These past weeks, there has been much talk about the possibility of the declaration of a revolutionary government that would give Rodrigo Duterte absolute political power. This initiative, often called “RevGov,” is intended to give Mr Duterte the power and authority to act swiftly and without impediment to address the problems brought about by crime, corruption, non-inclusive growth, and issues that stem from the 1987 Constitution.
Proponents of RevGov have argued that the Constitution is holding the President back from enacting what they claim to be the will of the people. Hence, by setting the Constitution aside through “revolution,” Mr. Duterte would finally be unfettered and free to carry out his vision.
The frustration is understandable. Despite widespread popularity and a position of patronage vis-à-vis his allies in government, Mr. Duterte has nevertheless found his ability to rapidly carry out a broad agenda stymied. The main reason for this is that, despite the vast power that he wields, the president of the Philippines is not an absolute ruler. The president cannot act without Congress, Congress cannot execute things on its own, and actions of either are subject to the review of the Supreme Court.
In other words, the system of checks and balances forces leaders into a paradigm of constant deliberation and consensus-building, with any consensus subject to possible tests of constitutionality. Thus, there can be no rapid, sweeping changes, regardless of administration, because the system of government under the Constitution is not designed to work that way. The theory behind this is that slow, deliberate action, developed through cooperation, is preferable to any one man or small group of men calling the shots.
We’ve seen what happens when one-man rule occurs. Ferdinand Marcos declared martial law and exercised the extraordinary powers granted to him by the 1935 Constitution. Mr. Marcos ruled for 21 years, which saw widespread human rights violations, unchecked corruption, the deterioration of the economy, and the growth of the national debt.
The New Society agenda eventually devolved into a quest for political self-preservation, leading to the 1986 Snap Election. And because we believe that the results of that election were rigged, the people decided to act to remove him from office through the EDSA Revolution, aided by the armed forces that Marcos had politicized and depended on for power.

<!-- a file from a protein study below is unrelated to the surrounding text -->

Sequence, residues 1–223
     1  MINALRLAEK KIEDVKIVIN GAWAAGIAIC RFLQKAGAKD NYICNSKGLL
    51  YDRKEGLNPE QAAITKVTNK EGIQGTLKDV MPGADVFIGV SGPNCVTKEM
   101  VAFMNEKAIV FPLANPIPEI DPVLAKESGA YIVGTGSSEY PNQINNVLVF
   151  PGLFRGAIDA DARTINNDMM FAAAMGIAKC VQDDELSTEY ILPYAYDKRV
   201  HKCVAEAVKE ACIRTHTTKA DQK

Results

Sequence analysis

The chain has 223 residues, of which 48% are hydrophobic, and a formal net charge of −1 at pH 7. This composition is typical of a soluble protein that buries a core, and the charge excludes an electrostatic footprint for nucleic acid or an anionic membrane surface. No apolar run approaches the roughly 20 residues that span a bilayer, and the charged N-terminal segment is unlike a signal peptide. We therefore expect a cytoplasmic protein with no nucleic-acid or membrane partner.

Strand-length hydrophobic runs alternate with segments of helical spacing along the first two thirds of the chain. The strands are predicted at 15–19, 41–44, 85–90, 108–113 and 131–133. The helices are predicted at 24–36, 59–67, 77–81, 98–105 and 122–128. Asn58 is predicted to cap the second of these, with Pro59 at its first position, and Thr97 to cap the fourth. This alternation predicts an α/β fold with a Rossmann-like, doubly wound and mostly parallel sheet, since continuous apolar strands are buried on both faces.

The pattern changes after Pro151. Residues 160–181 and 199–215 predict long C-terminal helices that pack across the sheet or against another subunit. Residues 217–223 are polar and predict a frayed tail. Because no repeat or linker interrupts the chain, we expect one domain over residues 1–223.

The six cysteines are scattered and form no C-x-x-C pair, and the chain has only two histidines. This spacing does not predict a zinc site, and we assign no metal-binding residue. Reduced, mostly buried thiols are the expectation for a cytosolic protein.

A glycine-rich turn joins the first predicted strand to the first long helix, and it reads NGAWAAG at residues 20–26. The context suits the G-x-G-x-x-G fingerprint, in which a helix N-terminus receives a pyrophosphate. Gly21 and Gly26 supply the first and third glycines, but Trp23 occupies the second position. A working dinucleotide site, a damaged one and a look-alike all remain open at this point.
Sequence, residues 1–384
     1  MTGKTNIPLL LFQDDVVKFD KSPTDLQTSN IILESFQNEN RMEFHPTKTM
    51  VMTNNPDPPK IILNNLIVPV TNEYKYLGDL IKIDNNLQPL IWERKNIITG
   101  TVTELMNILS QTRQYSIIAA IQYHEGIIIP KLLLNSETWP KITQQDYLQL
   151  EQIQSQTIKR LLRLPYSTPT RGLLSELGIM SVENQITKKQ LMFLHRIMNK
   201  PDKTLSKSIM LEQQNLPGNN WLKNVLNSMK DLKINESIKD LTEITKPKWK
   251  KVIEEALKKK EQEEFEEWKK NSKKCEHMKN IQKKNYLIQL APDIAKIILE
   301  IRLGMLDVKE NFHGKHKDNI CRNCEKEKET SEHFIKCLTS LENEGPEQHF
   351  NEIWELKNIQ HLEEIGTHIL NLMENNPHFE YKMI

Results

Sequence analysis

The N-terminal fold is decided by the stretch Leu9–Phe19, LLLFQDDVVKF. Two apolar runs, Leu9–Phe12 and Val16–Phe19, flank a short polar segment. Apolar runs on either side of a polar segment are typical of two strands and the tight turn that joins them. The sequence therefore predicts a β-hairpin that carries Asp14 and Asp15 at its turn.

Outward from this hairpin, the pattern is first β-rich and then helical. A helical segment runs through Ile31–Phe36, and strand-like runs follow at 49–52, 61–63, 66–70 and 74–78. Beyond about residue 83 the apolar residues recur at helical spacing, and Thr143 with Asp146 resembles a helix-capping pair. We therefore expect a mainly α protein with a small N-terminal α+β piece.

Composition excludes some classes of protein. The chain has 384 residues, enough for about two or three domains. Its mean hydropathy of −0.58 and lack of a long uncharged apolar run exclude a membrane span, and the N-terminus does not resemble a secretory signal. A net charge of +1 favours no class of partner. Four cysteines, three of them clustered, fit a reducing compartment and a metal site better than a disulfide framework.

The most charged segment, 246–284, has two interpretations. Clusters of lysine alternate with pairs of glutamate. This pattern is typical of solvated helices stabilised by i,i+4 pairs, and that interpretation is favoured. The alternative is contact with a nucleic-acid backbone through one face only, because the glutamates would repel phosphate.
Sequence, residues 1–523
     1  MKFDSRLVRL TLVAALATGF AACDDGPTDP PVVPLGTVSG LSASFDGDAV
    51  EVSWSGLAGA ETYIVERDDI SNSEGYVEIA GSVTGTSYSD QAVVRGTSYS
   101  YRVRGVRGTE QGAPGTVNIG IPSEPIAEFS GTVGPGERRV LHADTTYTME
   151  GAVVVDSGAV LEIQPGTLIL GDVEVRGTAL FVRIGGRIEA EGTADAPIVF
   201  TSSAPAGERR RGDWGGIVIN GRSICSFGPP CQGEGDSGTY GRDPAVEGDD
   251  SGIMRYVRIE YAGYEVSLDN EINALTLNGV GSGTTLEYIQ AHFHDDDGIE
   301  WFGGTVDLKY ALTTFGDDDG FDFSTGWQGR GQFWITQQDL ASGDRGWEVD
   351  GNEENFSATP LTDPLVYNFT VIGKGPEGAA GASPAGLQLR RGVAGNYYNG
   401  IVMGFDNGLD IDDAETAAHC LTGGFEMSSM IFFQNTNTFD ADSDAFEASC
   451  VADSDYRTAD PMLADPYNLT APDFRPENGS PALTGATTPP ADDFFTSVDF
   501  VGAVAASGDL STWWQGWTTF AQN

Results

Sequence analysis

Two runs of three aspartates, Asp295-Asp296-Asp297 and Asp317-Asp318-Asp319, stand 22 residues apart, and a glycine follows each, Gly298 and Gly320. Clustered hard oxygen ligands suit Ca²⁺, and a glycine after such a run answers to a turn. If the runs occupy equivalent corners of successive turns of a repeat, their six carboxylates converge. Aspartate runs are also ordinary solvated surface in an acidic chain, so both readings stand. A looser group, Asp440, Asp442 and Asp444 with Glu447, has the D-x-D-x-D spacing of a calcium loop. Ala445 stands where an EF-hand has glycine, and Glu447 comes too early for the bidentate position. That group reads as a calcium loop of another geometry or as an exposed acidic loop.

As the Inquirer columnist John Nery has observed, Mr. Duterte likes to point to this juncture of history to romanticize his notion of a revolutionary government: Cory Aquino, upon assuming the presidency, was president of a revolutionary government, and effectively a dictator. However, Mr. Nery correctly points out that Mr. Duterte gets his history wrong when he fixates on Mrs. Aquino’s revolutionary powers. The revolution that the people won at EDSA rejected the rigged snap election results. And when Mr. Marcos and his allies were thus displaced, Mrs. Aquino, the only other viable candidate of the election, filled the void with the mandate of the people.
One of the framers of the Constitution, Father Joaquin Bernas, SJ, notes that Cory Aquino assumed whatever extraordinary powers Marcos had. This allowed her to set in motion the events leading to the establishing of the current constitutional order.
The simple truth is that Mr. Duterte does not have the same mandate that Mrs. Aquino did. He was elected by a minority, having won less than half the total votes cast. There was no direct expression of the people’s will akin to the phenomenon at EDSA placing him in a position to claim revolutionary authority. Finally, the Armed Forces of the Philippines (AFP) has so far declared that it will not support RevGov. Based on these 3 things alone, RevGov has no mandate, no basis in the people’s will, and no hope of enforcement.
How would Mr. Duterte and and his allies push for RevGov anyway? Since there can be no claim of an election-based mandate, the only way Mr. Duterte and his allies would be able to claim that a revolution has taken place is some demonstration of popular support that will hopefully convince the AFP to change its position.
The groundwork for this is already being laid. On various websites and social media, supporters of Mr. Duterte have been calling for support for RevGov, and have been attempting to organize public rallies and demonstrations. For one such event, Mr. Duterte has been invited to attend and accept the “gift” of extraordinary, revolutionary powers from “the people,” giving him a mandate to set aside the 1987 Constitution and its constraints and proceed to enact wide-sweeping reforms, including the creation of a federal and parliamentary system of government, stamping out corruption and crime, and opening the economy to foreign investors.